They probably can snoop on any data that you send over their network, though. That pretty much means anything that is sent over their network unencrypted. There are tools available to capture all of that data going over a network. Unencrypted photos, messages, emails and even passwords can be snooped.

Also, if there was a legal agreement that you need to agree to in order to access their network, you might want to make sure that in the agreement it does not state that you give them authorization to access your device, any information on it or sent by it. Chances are, though, that your parents would need to enter into this contract if you are not 18.

ANYHOW - best bet would be to secure all of your communications over their network. If you must use the schools network then you should consider setting up a VPN in order to secure everything that passes through your school's network making them unable to see any of it. Using VPNs to secure your data is a good idea in general, regardless of which public hotspot type network you are using.

...

I'd bet dimes to dollars they did some CYA and had the students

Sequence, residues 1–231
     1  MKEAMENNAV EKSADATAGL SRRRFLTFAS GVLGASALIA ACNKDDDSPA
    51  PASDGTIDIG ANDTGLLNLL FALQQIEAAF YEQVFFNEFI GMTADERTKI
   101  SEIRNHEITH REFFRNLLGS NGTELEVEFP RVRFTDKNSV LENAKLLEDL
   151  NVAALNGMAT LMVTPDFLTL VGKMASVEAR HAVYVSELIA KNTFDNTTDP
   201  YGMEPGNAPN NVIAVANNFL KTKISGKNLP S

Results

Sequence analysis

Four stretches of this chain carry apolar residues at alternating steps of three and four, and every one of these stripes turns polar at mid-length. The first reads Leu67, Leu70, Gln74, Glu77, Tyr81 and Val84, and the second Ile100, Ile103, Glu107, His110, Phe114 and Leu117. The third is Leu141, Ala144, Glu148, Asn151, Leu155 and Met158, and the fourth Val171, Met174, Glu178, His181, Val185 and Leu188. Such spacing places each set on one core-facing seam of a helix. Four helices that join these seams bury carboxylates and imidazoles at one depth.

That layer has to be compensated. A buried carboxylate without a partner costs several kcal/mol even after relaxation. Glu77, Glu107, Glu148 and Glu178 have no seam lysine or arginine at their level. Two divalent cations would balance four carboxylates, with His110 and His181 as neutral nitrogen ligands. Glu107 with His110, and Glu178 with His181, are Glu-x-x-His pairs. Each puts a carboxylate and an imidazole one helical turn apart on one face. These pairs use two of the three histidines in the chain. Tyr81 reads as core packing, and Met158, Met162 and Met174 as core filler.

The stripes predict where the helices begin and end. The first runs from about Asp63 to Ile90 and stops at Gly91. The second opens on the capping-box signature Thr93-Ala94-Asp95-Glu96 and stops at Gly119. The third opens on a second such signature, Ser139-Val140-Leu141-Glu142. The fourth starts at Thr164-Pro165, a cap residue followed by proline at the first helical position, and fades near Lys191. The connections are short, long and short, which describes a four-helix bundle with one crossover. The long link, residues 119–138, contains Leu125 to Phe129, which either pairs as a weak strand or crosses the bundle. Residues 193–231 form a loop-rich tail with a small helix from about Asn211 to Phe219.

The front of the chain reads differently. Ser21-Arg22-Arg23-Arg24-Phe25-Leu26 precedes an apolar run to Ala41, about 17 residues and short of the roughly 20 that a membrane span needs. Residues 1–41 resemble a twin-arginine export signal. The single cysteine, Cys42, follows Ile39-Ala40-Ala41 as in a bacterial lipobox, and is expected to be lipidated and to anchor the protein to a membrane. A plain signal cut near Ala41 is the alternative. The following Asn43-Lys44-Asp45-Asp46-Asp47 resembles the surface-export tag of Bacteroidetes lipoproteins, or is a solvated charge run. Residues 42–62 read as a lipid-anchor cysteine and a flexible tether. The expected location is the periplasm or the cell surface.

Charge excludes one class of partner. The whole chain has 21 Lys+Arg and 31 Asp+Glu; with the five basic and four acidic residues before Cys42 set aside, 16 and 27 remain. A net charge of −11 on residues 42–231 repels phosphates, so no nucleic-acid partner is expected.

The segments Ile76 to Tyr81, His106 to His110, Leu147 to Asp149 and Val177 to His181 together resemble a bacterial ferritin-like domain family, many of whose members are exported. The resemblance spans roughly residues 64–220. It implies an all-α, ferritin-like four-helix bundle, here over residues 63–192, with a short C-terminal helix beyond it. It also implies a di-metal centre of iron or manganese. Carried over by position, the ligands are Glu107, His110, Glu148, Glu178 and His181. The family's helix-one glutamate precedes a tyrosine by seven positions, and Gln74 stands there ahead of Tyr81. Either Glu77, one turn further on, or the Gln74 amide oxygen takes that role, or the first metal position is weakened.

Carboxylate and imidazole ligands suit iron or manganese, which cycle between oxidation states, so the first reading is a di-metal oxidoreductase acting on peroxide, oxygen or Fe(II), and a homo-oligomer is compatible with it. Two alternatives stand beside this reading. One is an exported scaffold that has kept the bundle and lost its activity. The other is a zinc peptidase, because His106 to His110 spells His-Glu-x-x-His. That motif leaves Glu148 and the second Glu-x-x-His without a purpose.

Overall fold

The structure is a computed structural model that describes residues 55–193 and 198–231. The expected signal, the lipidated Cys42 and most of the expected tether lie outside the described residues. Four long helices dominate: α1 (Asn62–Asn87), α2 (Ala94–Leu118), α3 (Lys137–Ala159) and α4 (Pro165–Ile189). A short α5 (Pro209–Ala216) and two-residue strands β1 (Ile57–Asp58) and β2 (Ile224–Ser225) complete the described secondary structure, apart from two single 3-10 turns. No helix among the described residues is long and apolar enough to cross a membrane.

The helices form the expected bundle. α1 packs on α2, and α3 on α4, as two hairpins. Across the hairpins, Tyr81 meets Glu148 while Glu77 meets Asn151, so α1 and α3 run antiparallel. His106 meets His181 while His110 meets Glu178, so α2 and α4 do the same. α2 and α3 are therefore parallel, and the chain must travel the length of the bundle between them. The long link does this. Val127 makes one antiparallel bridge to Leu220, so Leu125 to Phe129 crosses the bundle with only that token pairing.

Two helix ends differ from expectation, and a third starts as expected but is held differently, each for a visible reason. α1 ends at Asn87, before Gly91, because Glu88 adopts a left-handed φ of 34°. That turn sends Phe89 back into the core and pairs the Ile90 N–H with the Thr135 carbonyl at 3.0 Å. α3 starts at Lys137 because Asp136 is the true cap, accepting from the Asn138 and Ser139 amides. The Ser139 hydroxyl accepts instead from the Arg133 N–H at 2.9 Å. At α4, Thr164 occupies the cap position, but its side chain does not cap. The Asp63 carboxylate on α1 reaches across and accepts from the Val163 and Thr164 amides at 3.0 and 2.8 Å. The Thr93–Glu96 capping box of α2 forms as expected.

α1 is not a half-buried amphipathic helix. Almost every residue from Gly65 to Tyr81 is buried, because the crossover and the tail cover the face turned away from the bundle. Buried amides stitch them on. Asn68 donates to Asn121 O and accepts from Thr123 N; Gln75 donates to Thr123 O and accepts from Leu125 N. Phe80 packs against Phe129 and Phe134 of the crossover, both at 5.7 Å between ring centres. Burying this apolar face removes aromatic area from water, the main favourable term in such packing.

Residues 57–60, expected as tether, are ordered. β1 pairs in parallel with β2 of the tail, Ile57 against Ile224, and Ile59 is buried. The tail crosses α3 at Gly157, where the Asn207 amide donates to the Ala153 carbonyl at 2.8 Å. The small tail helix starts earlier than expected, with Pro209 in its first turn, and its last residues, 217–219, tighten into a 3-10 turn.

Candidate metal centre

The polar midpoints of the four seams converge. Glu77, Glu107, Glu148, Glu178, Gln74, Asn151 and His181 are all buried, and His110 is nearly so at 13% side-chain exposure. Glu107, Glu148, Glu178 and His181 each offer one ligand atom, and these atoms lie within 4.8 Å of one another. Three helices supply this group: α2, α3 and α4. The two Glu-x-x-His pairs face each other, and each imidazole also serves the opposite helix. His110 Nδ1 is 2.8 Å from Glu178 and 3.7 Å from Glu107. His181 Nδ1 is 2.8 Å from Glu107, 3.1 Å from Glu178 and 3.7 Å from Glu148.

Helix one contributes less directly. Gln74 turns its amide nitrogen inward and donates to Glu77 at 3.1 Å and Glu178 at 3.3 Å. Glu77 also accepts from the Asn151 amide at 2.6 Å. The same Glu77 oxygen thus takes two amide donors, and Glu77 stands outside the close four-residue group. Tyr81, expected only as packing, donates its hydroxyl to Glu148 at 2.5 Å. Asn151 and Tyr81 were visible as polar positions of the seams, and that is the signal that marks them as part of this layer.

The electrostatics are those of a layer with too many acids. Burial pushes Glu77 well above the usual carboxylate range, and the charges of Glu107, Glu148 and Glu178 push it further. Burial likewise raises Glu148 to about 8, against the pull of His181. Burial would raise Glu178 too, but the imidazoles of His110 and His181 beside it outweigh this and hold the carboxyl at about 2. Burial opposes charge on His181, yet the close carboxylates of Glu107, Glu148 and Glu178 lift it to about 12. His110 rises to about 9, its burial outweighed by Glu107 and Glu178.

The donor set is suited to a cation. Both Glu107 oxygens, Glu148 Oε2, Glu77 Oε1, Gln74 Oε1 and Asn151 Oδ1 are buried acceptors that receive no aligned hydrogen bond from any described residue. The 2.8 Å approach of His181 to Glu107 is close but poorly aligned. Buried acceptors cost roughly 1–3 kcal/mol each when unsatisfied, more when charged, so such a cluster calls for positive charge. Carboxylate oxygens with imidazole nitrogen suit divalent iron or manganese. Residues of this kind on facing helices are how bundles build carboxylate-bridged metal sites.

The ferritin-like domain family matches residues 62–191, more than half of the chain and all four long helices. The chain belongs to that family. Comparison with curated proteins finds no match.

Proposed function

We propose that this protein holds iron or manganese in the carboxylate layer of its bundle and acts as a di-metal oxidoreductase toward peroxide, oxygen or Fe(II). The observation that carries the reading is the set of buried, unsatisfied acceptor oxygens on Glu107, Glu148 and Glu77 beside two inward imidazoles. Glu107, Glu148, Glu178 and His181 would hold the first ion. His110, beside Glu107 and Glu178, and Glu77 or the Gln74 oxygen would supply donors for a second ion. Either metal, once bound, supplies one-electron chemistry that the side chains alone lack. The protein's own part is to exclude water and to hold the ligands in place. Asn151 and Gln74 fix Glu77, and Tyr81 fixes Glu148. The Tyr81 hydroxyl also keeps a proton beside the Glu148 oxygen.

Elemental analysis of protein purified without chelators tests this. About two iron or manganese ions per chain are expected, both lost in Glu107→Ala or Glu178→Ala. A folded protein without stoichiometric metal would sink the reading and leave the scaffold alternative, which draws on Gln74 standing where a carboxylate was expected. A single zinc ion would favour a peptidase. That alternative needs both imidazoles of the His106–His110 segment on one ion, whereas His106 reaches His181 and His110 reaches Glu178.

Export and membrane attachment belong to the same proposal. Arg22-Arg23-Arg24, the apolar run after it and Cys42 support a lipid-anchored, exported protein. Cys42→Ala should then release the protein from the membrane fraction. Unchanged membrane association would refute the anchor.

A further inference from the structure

or their parents sign some sort of "release" form that allows them this access without a warrant, or something to the effect of a TOS that he "accepted" the first time they use the service.(or even each time - coffee shops have something similar, though not so sinister)

If they don't have such a TOS acknowledgement page, or agreement, then yes, they are in big doo-doo if they are engaging in such espionage.

to a degree, they can.

....at least anything you send or receive on that connection. It's not hard to sniff some packets. (especially if they operate the network) When in doubt, don't use the WiFi.

Here is some more about network analyzers, also known as "packet sniffing".

http://computer.howstuffworks.com/workplace-surveillance2.htm

"What light is to the eyes - what air is to the lungs - what love is to the heart, liberty is to the soul of man."